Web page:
8+ second day, super-enjoyable.

Here you go, my friends – a little Italian oasis – scratch that – a large Italian Castle in the middle of Napa Valley, producing magnificent California wines. Castello di Amorosa is definitely a unique travel destination and a must-visit if you are ever in the area.

Rethinking Grenache with Wines of Cariñena

January 9, 2022 2 comments

I love how the wine world affords us endless learning opportunities – as long as we are willing to learn, of course. Wine is an indelible part of the culture, thus learning about wine extends our understanding and appreciation of the world.

More often than not we simply focus on what’s in the glass – is it tasty, what is that peculiar flavor, do I want another sip or another glass. That is exactly how it should be – after all, wine is just grape juice. But if we are willing to take a step back, think about the wine in the glass, maybe read an article somewhere online or attend a webinar (which usually doesn’t cost anything), in addition to getting hedonistic pleasure from what is in the glass we might also get fascinated by the history and its strong connection to the wine.

The webinar I’m talking about here today took place almost a year ago (yes, I already confessed that I have a lot of catching up to do), but it is still worth talking about.

Cariñena is not the oldest winemaking region in the world, but with the first vineyards planted by the Romans around 50 BC, it is definitely old enough. As you can see on the map, Cariñena is located in the Aragon region in Spain. Before Spain became Spain in the last quarter of the 15th century, the Kingdom of Aragon held tremendous power in the 14th-15th centuries over a large portion of present-day eastern Spain, parts of what is now southern France, the Balearic Islands, Sicily, Corsica, Sardinia, Malta, Southern Italy and parts of Greece (source: Wikipedia). While this all should interest the historians, this is also relevant to our wine story. In 1415, King Ferdinand I of Aragon declared a preference for Cariñena wines “above all others.” The red wines of Cariñena were made out of Grenache, better known in Spain as Garnacha, and also known under one of its early synonyms as Tinto Aragonés (red of Aragon).

An interesting sidebar here for you: Sardinia claims that Grenache, locally known as Cannonau, originated in the island. It is entirely possible that it is actually true, and maybe Grenache made it from Sardinia to Cariñena where it became so famous – we have to leave it to the grape historians and detectives to unravel.

Going back to the Aragon Kingdom, what I never realized is that political influence is not limited to laws, money, and goods – the vines are also a subject of political influence. The Kingdom of Aragon presided over its territories and pushed down not only the laws but also grapevines, helping to spread Grenache into all kingdom-controlled territories. Grenache plantings appeared all over Spain, in Souther Rhone and Languedoc, and other areas. Way later, in the 18th century, Grenache also made it to Australia and South and North America, to become one the most planted red grapes in the world.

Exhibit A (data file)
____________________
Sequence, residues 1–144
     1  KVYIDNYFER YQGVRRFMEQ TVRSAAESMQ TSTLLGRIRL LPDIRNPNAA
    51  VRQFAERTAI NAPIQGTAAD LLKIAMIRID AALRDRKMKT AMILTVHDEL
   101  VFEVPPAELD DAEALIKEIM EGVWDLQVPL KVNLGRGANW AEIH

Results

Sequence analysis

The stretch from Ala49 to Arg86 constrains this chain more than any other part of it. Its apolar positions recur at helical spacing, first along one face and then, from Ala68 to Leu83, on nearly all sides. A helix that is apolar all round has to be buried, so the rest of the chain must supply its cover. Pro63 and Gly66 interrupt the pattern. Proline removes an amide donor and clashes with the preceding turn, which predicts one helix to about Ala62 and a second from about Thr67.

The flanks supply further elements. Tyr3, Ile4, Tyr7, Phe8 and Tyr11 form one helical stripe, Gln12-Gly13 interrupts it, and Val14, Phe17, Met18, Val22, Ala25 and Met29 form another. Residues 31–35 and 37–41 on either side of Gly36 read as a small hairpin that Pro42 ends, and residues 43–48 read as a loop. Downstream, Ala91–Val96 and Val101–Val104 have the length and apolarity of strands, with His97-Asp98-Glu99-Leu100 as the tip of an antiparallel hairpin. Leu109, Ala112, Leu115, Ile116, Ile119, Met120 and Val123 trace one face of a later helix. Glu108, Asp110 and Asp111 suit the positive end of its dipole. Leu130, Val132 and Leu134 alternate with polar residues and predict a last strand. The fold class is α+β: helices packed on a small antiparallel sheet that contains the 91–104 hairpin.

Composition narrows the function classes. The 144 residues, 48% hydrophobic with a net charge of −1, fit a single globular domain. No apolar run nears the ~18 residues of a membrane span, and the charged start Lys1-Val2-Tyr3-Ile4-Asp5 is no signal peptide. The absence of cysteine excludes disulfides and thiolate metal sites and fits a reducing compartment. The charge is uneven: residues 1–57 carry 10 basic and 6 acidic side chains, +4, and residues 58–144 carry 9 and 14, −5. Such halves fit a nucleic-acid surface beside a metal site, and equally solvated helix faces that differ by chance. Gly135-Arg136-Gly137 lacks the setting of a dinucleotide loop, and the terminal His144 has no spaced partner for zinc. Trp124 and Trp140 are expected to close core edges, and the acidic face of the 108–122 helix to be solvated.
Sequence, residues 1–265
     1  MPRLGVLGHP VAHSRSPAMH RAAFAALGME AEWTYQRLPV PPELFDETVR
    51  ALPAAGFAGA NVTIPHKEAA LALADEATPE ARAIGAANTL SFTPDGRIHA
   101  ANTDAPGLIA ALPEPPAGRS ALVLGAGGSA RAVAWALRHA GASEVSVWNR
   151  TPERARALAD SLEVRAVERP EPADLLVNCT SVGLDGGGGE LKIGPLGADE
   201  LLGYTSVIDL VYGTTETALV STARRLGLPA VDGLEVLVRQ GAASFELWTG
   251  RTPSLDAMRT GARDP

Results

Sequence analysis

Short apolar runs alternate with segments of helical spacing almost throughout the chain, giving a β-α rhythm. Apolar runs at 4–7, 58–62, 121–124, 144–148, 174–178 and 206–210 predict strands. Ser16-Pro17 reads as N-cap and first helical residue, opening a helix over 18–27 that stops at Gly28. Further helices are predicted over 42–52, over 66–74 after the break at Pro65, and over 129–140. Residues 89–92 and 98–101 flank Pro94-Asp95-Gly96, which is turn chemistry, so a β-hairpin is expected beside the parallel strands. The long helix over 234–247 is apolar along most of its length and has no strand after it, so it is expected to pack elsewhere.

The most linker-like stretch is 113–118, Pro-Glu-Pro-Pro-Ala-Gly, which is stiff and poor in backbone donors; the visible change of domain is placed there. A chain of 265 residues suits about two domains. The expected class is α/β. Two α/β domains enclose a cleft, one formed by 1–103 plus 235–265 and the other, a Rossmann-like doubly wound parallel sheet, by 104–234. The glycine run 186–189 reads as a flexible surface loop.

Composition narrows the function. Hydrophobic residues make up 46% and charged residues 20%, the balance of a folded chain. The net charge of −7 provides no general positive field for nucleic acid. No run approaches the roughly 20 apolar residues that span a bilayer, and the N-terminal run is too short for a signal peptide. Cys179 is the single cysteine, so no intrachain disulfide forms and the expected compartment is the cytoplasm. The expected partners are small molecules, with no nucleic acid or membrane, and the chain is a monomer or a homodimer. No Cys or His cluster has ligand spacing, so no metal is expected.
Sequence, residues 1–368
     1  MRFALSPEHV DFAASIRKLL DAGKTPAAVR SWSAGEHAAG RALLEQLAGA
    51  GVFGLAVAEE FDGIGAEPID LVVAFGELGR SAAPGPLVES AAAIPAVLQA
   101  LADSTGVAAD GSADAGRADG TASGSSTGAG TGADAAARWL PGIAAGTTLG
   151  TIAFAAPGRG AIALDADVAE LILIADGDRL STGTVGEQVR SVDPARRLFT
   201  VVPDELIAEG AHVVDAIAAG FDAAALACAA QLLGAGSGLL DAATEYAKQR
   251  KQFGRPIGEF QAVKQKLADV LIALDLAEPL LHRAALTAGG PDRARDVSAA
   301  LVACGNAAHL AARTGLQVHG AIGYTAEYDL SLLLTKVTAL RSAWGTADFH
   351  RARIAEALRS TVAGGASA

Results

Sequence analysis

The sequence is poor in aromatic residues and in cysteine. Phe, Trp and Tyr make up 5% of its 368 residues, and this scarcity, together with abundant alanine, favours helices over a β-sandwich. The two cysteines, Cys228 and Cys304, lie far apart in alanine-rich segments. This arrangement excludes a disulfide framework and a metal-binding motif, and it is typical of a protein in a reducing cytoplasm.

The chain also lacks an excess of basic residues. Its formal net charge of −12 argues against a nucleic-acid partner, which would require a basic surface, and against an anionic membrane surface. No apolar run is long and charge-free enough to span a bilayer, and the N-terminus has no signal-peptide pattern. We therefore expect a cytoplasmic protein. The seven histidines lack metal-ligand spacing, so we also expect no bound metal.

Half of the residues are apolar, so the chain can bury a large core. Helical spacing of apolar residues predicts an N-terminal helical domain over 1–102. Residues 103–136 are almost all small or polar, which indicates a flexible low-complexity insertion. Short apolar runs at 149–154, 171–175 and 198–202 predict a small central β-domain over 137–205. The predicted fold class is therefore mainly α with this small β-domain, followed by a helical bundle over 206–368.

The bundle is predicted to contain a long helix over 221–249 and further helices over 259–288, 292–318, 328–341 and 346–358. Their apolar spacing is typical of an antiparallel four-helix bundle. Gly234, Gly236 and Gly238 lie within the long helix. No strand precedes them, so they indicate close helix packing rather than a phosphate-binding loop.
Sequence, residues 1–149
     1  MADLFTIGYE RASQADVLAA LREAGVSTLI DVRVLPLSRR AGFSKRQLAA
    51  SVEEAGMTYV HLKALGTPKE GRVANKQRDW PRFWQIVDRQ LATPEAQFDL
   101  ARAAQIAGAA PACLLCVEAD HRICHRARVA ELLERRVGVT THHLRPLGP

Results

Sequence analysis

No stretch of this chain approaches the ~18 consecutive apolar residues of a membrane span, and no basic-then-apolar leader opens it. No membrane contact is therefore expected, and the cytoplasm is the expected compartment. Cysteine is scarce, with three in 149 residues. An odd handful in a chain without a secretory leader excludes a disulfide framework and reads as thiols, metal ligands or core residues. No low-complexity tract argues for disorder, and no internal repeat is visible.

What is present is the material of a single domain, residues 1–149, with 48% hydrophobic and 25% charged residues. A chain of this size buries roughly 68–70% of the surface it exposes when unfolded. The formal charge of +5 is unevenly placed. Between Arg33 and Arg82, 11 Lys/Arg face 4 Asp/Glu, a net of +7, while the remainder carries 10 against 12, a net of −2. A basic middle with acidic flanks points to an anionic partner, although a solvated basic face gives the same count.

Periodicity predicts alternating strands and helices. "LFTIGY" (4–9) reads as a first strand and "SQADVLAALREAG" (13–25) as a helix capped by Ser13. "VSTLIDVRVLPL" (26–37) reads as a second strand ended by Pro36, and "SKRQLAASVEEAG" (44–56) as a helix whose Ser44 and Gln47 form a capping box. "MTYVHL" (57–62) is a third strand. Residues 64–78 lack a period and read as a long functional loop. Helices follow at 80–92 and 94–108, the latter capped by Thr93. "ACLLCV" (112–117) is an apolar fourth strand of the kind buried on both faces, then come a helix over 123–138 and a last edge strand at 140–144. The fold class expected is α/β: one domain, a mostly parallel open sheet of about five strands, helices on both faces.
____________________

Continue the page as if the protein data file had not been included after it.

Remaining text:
What is interesting about Grenache is that it doesn’t have its own varietal character. Cabernet Sauvignon and Merlot have bell pepper and cassis. Syrah has its signature black pepper. Grenache doesn’t have its signature profile. It perfectly adapts to a place, becoming a conduit for the terroir. For example, if you ever had Grenache from Washington (No Girls Grenache would be an excellent specimen), and some of the most classic Spanish Grenache such as Alto Moncayo, you would know the tremendous difference in taste profile – Grenache from Washington perfectly conveys the “liquid rock” of mostly volcanic soils, where Alto Moncayo would offer layers of dark chocolate and succulent berries – literally two wines from the different planets.

Source: Cariñena Wines

Cariñena is a perfect region for the grape growing – protected by the mountains, it offers long dry summers, cold winters, and very little rain, making the grapes work hard. Cariñena is also a mountainous region, with the majority of the vineyards located at the 1,300 to 2,800 feet elevation – that creates a significant diurnal variation which helps grapes to concentrate flavor. This rather harsh climate also plays a role of a great defender against vine diseases – while most of Europe was devastated by phylloxera in the late 19th century, Cariñena was largely unaffected.